What Is An API
As mentioned, API stands for application programming interface. Basically, it's a standard set of programmed functions that you expose publicly, or privately, through a server that, when called by another program, makes something happen. Similar to you opening up a web page, your browser is sending a request to a web server that requests data associated with the URL you entered. Just as ColdFusion can be used to serve a company's website, the dynamic programming nature of CF can be used to send back data that is pulled from your database and formatted in any number of ways for you as a consumer. So, an API is your best option to share your data with customers who need it, or fulfill a request that helps make your customer's life easier. It's the modern communication standard that shows no sign of stopping.
There are different types of APIs available from RPC (Remote Procedure Call) to REST (Representational State Transfer) or any other SOA (service-oriented architecture) style setup, but those details are a bit more involved. For simplification, we'll use a REST API as the primary example of what you'll want to incorporate into your business. That's because at its core, a REST API is pretty much a URL request where you don't get back a web page, but rather you get back a serialized, formatted file (JSON, XML, HTML, etc.) that any third party app can use to interpret the results. REST is also a popular approach these days, but that doesn't mean it's the ultimate answer for everything.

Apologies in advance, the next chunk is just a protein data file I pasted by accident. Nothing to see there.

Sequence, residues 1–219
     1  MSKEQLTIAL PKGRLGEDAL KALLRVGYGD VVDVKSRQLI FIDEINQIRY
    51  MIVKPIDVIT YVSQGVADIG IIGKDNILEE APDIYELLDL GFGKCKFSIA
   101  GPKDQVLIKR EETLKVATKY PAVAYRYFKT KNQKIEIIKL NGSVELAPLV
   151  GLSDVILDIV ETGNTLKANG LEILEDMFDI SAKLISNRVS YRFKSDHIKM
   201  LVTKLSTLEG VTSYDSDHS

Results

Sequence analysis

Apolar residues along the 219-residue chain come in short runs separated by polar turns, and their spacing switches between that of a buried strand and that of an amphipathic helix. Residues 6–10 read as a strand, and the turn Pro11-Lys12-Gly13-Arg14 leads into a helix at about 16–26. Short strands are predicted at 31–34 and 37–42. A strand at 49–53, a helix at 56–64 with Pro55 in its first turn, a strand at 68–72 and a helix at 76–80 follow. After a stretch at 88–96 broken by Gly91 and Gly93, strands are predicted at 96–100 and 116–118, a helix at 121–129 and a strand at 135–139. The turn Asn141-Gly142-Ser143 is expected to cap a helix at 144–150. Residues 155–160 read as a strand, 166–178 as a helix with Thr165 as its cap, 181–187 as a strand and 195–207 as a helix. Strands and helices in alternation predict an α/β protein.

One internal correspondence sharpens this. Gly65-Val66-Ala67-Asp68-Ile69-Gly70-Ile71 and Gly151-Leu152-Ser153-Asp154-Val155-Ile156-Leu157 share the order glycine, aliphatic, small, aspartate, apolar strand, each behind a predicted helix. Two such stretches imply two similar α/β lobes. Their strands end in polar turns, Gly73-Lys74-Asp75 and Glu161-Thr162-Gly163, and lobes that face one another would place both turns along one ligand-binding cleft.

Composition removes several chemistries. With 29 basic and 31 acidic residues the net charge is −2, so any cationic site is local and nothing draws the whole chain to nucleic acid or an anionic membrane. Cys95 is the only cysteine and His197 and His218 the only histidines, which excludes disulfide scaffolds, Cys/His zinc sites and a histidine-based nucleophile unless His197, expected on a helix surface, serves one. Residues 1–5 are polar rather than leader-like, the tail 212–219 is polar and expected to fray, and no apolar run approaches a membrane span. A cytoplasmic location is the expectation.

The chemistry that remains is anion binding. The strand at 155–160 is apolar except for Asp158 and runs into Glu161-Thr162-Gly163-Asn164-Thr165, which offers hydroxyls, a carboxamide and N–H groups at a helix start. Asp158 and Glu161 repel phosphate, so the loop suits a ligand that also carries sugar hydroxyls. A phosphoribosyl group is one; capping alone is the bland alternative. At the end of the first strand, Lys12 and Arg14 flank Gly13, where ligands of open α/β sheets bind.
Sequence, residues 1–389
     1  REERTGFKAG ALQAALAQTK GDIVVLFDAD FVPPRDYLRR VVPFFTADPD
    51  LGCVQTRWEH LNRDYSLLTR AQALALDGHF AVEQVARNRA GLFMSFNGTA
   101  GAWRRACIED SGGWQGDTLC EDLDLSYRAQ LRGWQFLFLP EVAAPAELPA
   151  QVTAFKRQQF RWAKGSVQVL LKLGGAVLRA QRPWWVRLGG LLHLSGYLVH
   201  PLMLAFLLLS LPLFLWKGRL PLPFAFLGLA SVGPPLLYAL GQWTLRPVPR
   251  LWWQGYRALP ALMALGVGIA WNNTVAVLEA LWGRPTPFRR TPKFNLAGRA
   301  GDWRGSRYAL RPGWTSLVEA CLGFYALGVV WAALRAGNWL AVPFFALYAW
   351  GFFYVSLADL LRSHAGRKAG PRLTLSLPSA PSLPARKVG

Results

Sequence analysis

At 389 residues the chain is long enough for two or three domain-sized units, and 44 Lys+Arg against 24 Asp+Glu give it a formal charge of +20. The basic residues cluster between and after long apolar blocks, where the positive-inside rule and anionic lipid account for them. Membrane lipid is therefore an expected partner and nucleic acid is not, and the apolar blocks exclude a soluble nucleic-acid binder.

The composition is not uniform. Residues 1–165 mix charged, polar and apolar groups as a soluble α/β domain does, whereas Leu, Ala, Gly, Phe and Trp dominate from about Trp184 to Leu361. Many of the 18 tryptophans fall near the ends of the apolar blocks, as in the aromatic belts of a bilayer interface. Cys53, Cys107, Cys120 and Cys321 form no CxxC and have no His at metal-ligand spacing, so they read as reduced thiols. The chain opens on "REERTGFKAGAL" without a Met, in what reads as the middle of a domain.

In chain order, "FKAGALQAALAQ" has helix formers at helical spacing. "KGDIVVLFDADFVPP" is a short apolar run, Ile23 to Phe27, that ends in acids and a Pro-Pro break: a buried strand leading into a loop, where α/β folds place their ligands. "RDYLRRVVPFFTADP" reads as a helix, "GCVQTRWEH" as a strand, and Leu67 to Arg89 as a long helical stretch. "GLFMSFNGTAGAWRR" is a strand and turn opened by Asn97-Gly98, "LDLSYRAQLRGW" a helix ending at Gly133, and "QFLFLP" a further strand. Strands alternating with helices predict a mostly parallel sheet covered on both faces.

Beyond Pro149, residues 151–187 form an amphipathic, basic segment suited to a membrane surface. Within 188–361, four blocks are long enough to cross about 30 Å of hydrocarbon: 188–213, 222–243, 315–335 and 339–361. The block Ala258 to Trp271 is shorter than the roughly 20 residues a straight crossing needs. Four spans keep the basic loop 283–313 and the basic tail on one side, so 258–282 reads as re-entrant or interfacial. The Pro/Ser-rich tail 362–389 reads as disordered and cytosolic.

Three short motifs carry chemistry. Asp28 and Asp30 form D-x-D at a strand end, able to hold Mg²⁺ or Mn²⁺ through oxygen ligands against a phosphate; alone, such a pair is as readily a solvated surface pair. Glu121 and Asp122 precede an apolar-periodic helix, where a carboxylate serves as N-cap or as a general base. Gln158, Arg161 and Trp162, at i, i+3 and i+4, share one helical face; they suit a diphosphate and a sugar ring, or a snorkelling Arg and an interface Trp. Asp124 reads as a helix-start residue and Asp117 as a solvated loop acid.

Why Use An API
Do you have a product to sell? You can fulfill an order through an API. Do you have inventory you need to monitor in real-time, just have your app make a request by way of your API so everyone is up-to-date on what's available. Whether you're adding employees to your record system or checking blockchain mining results, your programmed API is the way to go. In a world where new devices are being brought to the masses almost daily, you want to have an interface for those devices that works if a request is coming through a smart refrigerator or your phone.
So, that's all well and good, but you may now be asking, "How can I get one of these wonderful APIs for my startup?" The best answer may be that you make it, or at least your developers do. Luckily, ColdFusion has been on top of the API game and kept up with the modern architecture needed to rapidly create your API. From roll-your-own options to pre-built building blocks that you simply have to put together, ColdFusion is an environment that makes processing your customer's requests quick and easy. It also makes development and maintenance less of a headache as you grow.
ColdFusion And APIs
If your startup idea were to create a veterinary records service based on blockchain, ColdFusion could easily be a way for veterinary office management software to do a URL request to your CF server, validate a pet's medical history and serve up the results, ASAP. ColdFusion, Adobe and Lucee engines, have administrative dashboards that make setting up REST paths easy for you. You have to concentrate on developing the business logic, but once your idea is in place, you can put it out there for the world to use, or just your office area.